Who better to ask for advice on how to keep an agent’s attention than an agent? Carlie Webber of CK Webber Associates maintains an excellent blog on all kinds of writing and publishing topics, from how to keep YA novels realistic and interesting to advice on how to make sure your query letters don’t end up in the ol’ circular file cabinet—what my 5th grade English teacher called his garbage can, where plenty of my earliest stabs at fiction ended up, I’m sure.
Carlie’s blog post below (re-posted from her agency’s site) concerns speculative fiction and how to make sure your monsters, ghouls, and far-out creatures come across with clarity and purpose. I found it an apt topic considering Carlie is also co-hosting an upcoming boot camp for Writer’s Digest, The First 10 Pages: Science Fiction & Fantasy Boot Camp. The boot camp (still open for registration!) will be held March 26 through 28, and Carlie, along with sc-fi and fantasy authors Philip Athans and Jay Lake, will personally examine the first ten pages of your manuscript and help you get your book off on the right foot.
And for a sample of her helpful advice, I offer you her recent blog post: Your Book, Your Rules.
Vampires sparkle. Or they don’t. You have to cut their heads off; they can’t be killed with a wooden stake. Or not. They’re sexy. Or repulsive. Wizards use wands. Or their minds. Werewolves are only dangerous to humans. Or to all creatures.
Regardless of your view, you can find a vampire/wizard/werewolf book to suit your reading needs. And when you’re the one writing about them, that’s when you get to have the most fun. The great thing about writing speculative fiction is that there are legends, but ultimately the rules of your legends are yours to control.
But with great power comes great responsibility.
I have been known to pass on more than one query because the writer talked about supernatural creatures (not just vampires) without giving me a good idea of why they were important to the story, what the rules were for their existence, or how they affected the human world, if such a thing even existed. I think just about all of us are influenced the most by our earliest encounters with legends of supernatural creatures. So it’s not that I don’t believe that vampires can walk in the daylight, but I had a near obsession with The Lost Boys when I was a kid, so that’s where my personal rules for what vampires can and cannot do came from. I’m willing to set my rules aside in favor of another writer’s, of course, as long as that writer makes it clear that in their world, vampires do x, y, and z instead of a, b, and c.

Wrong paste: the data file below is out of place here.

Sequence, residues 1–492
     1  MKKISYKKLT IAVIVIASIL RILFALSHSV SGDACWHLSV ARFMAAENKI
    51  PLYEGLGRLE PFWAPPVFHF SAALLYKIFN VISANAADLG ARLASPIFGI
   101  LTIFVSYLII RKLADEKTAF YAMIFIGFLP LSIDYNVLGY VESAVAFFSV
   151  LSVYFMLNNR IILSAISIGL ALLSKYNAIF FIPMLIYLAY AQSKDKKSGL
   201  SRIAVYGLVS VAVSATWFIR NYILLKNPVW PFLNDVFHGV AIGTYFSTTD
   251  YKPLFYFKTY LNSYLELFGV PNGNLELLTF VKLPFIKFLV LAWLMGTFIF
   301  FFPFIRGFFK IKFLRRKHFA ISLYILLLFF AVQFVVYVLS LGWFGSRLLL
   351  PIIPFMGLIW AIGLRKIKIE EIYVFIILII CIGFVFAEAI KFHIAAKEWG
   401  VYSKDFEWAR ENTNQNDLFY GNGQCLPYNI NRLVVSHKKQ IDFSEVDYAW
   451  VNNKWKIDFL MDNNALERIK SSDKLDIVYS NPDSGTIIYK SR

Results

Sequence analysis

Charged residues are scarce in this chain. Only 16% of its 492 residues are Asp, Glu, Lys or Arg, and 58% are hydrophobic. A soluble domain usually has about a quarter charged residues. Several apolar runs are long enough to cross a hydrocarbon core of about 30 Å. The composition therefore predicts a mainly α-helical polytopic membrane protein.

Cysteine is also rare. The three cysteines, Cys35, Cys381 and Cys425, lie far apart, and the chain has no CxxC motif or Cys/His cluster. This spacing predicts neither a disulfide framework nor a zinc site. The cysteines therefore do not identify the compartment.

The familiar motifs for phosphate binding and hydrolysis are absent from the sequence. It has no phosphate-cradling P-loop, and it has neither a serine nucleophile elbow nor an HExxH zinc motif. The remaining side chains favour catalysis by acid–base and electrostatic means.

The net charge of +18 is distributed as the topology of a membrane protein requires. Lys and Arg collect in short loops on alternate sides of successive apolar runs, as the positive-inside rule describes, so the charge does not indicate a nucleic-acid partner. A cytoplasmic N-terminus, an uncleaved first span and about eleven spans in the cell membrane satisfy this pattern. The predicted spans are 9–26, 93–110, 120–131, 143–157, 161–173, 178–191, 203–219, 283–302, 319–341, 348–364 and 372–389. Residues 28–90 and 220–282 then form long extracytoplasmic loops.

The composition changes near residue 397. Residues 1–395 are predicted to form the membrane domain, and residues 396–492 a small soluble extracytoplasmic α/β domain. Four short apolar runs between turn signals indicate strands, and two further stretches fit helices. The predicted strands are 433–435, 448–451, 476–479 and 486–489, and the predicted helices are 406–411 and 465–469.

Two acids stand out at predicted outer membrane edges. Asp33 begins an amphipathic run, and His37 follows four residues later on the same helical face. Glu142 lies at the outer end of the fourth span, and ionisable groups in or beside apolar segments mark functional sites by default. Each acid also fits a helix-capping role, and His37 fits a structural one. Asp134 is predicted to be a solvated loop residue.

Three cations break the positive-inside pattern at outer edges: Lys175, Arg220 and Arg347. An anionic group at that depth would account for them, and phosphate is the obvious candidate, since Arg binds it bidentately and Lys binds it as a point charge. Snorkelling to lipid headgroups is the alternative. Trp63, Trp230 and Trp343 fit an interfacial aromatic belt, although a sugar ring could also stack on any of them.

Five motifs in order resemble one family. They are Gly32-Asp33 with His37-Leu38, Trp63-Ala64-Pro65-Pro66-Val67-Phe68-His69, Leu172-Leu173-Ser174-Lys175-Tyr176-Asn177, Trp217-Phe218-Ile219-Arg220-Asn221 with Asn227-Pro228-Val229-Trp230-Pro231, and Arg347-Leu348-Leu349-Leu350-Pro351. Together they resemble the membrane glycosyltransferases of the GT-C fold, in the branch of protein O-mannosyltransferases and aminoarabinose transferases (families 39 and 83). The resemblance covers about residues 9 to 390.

Some of the points I check for, when reading a book with paranormal creatures, are:
- Are the origins of this species explained?
- How do they live among humans, if at all, without being noticed?
- How do their rules shape their interactions with the main character, if the main character is human?
- What are their strengths and weaknesses?
- What kind of a world do they come from?
- Why have they bothered to appear on-screen in this book?
You cannot assume that readers—be they your agent, your editor, your critique partners, or your customers—will have any idea of your personal views on the supernatural when they open your book. Maybe you’re writing about a creature they’d never heard of. I didn’t know what wendigos were until I started watching Supernatural, but I had no trouble picking up on the lore because the writers of that particular episode made it clear. Maybe I’ll pick up a book tomorrow that tells an entirely different story of what wendigos are and how they came to be, one that contradicts everything in that episode of Supernatural.
Either way, I’m fine with it as long as the writer lets me know the rules.
For more advice from Carlie Webber, visit her agency site and blog at www.ckwebber.wordpress.com.